Perfect Chaos

The Blog of Author Steven Colborne

God’s Omnipresence and the Incarnation

I often hear Christians speaking of what a miraculous and wonderful thing it is that God chose to enter into His own creation in the person of Jesus Christ in the event known as the Incarnation.

The problem with this notion is that it implies that God is normally somehow separated from creation. How can this be? The God I believe in is omnipresent and pervades and sustains the whole of creation. The universe and everything in it is part of His being.

Isn’t it God who grows the trees and flowers, moves the planets by His power, and grows the hair on our heads? How could He do these things if He isn’t present everywhere all of the time?

I cannot conceive of a God who is somehow separate from certain parts of existence as this would imply a limit to His power and to the very things, ontologically speaking, that make Him God. I feel uncomfortable with the idea that before and after the Incarnation God is somehow existing in a place outside of the world in which we live.

Surely, as believers, we know intuitively that God is everywhere. If, for instance, I pray to God asking Him to plant me in a great church, isn’t the implication that He is in control of my actions?

God is the cosmic animator, and I find it illogical to say He entered into creation at a specific moment in history when all of creation is part of Him.

One response to “God’s Omnipresence and the Incarnation”

  1. Hi Steven!

    The proportion of Christians who subscribe to Panentheism is probably quite small, and of those who do, I suspect their appreciation or view of it varies between individuals. For instance, I agree with you that the universe and everything in it is a part of His being, but disagree that He grows the trees and the flowers and moves the planets by His powers. My feeling is that the trees and flowers grow as directed by their DNA in the presence of Carbon Dioxide, water vapour and sunlight. God has created the circumstances for the growth to occur automatically. Similarly, the planets rotate around their various stars according the laws of gravitation, devised by God.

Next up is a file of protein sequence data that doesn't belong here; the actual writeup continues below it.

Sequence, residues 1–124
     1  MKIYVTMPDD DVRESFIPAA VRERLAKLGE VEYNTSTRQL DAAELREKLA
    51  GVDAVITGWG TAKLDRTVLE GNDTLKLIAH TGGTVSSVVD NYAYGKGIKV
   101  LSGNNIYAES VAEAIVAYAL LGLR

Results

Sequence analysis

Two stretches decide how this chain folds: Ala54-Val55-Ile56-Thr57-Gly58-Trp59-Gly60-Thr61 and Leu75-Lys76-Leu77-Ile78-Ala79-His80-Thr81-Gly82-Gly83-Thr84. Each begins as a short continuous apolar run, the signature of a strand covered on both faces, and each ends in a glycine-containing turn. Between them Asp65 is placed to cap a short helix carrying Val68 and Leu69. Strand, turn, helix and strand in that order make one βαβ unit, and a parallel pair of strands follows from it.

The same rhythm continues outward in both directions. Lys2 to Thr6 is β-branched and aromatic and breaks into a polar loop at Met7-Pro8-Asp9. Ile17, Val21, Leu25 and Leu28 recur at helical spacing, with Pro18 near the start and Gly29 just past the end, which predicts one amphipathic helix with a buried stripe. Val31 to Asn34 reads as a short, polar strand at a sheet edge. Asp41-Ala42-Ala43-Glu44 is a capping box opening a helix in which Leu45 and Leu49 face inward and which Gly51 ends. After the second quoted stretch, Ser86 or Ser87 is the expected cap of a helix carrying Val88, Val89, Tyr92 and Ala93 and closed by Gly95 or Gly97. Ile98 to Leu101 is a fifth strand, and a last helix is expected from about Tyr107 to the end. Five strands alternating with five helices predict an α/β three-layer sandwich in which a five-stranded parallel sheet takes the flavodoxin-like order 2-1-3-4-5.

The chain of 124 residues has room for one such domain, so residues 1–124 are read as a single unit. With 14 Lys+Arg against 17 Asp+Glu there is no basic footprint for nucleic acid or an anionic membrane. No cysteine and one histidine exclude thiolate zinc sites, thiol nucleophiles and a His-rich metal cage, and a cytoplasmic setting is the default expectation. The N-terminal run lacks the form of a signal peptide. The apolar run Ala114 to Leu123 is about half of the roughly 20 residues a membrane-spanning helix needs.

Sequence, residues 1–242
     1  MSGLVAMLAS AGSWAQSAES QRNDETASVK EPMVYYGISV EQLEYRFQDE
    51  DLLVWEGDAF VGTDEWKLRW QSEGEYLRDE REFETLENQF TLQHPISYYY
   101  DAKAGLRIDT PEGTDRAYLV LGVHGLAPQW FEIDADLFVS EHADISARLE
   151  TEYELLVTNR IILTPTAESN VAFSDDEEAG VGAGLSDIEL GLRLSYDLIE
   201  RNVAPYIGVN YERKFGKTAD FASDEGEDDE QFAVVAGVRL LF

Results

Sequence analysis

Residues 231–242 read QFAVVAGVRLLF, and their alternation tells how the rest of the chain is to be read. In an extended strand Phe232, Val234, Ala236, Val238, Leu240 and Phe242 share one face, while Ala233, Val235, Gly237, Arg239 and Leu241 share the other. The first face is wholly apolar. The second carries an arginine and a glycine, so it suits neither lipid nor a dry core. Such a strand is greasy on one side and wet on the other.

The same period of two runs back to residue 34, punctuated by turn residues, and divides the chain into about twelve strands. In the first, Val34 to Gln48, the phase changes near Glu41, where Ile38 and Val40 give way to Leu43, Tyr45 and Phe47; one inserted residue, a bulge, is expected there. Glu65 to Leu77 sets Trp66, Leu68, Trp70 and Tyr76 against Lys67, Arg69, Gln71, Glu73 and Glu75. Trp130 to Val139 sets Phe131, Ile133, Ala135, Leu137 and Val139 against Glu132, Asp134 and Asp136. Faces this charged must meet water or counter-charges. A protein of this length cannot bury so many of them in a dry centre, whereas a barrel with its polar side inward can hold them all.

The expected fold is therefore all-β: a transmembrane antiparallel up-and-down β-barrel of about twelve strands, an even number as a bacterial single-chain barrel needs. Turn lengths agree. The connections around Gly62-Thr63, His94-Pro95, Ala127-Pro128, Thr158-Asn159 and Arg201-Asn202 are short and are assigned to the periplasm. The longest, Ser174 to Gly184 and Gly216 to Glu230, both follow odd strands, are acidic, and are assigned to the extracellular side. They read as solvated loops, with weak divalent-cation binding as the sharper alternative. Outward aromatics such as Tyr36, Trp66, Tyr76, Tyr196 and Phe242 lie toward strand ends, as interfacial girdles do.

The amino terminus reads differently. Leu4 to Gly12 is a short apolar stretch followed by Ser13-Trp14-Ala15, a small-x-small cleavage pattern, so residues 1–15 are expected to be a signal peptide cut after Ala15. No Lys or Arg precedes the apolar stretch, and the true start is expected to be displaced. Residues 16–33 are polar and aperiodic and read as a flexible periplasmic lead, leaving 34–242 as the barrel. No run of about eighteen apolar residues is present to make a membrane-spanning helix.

Our hearts beat automatically. We are not normally aware of this beating, unless we experience an adrenaline rush that speeds and intensifies it. Normally, part of our brain controls this function, although it can be stopped or started electrically, and regulated by a pacemaker.

    I believe that God is the brain that regulates everything and that He is fully aware of it all, but the consistency we have determined through science, shows to me that the mechanisms are self-sustaining. I think if this was not so, God could just as easily sustain everything in a chaotic and unpredictable way that science could never describe. How much more in awe of Him would we be if that was the case? However, I agree that without Him everything would cease to exist.

    I too, find that God’s incarnation is a difficult concept to understand, and I don’t pretend to know the answer. For an Eastern Christian perspective, you might want to check out the website in the link below –

    Peace and love to all,



Steven Colborne

About Me

Hello, I’m Steven and I’m a philosopher and author based in London. My main purpose as a writer is to encourage discussion about God. I write about a wide variety of subjects related to philosophical theology, including divine sovereignty, the nature of God, suffering, interfaith dialogue and more. My mantra: Truth heals.

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